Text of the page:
Dr. P :*storms in and mumbles a question*
Kelly: *in my head, "Dude, what's with all the storming?"*
Dr. P : *stares blankly at me*
Kelly: *realizes he asked me something* Um ... what?
Dr. P : ... You hurt your foot?
Kelly: *immediately defensive because I am a smart, capable woman and not a hypochondriac which is of course what his question implies, right?* Yes, my right foot. I can't bear any weight on it.
Dr. P: *starts to probe my foot*
Kelly: *starts to panic, because I'm suddenly sure I'm just overreacting even though I can't walk and he's going to prove it with his magic doctor fingers* Also, my foot feels really hot to the touch.
*because I read once that serious injuries feel hot to the touch**and then I remember the nurse has been making me ice it while I've been at Urgent Care so I clumsily speak again*
Kelly: Except it doesn't feel hot now, because, you know, the ice. *Smoooooooth*
Dr. P: We have to do an X-ray. *leaves the room*
At this point Brian calls me and we arrange for him to bring Ezra to me so he and the girlies can go to church. I go get my X-rays done.
X-ray Tech: Could you be pregnant?
Kelly: Nope. No way. Not a chance. Just finished up my period. (Good thing I mentioned that.)(Now I feel I need to redeem myself) It's a good thing I hurt my right leg because it's the leg I chose to shave yesterday. So, that's like a gift to me and you. (Ohmylanta, really, Kel?)
X-ray Tech: *has the decency to at least laugh* I always tease my daughter because she takes such good care to shave her legs but always forgets to shave her toes. *looks pointedly at my very hairy big toe*
Kelly: *she did not just call me out on my toe hair* ....
X-ray Tech: Don't worry, it's a sign of good circulation.
I do have really good circulation.
While I was waiting for Dr. P to read my x-rays, Brian brought Ezra to my room. This is how I discovered Dr. P's kryptonite.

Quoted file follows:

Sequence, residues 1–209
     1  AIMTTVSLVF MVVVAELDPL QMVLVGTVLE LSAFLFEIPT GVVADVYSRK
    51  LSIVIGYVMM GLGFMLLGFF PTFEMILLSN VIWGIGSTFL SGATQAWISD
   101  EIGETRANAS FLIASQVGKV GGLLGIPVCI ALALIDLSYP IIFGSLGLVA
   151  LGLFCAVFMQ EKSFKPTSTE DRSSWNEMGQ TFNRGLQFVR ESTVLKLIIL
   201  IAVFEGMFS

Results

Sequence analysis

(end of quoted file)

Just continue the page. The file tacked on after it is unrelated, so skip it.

Dr. P is totally uncomfortable with little children. (Or, at least, children who appear out of the blue.)
I may have used this to gain the upper hand in our relationship.
Dr. P: *storms in the room* Well, you have a br-- *sees Ezra, looks confused*
Kelly: *waits patiently*
Dr. P: - a broken bone spur in your heel. We don't usually see this. It's an odd break.
Ezra: Doctor, husodhteeeefnkalfkalfkalkveeeee?
*Ezra has apraxia, and while he is getting so much better with his speech, there are times even I can't decipher what he is saying*
Dr. P: *looks desperately at me* Uuuuuummm, what, Buuuuuudy?
Ezra: DOCTOR, hisodihfiosteeeeendslfidsoifoveeeee?
Dr. P: *giggles nervously, stares at me pleadingly* Um ... I'm not sure ....
Kelly: *that's right, ME! TO! THE! RESCUE!* He has apraxia. He's asking where the t.v. is, because they usually put us in a room with the t.v.
Dr. P: Oh. Down the hall, Buddy.
In the end, I have a broken bone spur in my heel. Sarah has doctor privileges at the treatment center where I was seen, so she pulled my x-rays and is just as confused as everyone else as to how this happened. I have been told to follow the RICE plan (Rest, Ice, Compression, Elevation) and to see how it feels in about a week. By then I should be able to walk on it. After I can walk I can return to biking and elliptical, but no running for about 6 weeks. No Turkey Trot this year :(
|Yep. Toenails painted circa August 2013. In the background? The offending step down into the living room.|
|Pouty sad face.|
I declined pain meds at Urgent Care because I obviously wasn't thinking clearly. I sensibly chose the next best option:
|740 calories of Tim Horton's goodness.|
That works out to about 1 smile per calorie. Oh Happy Day.
Timmy Ho's for pain management.
I think I just won health care.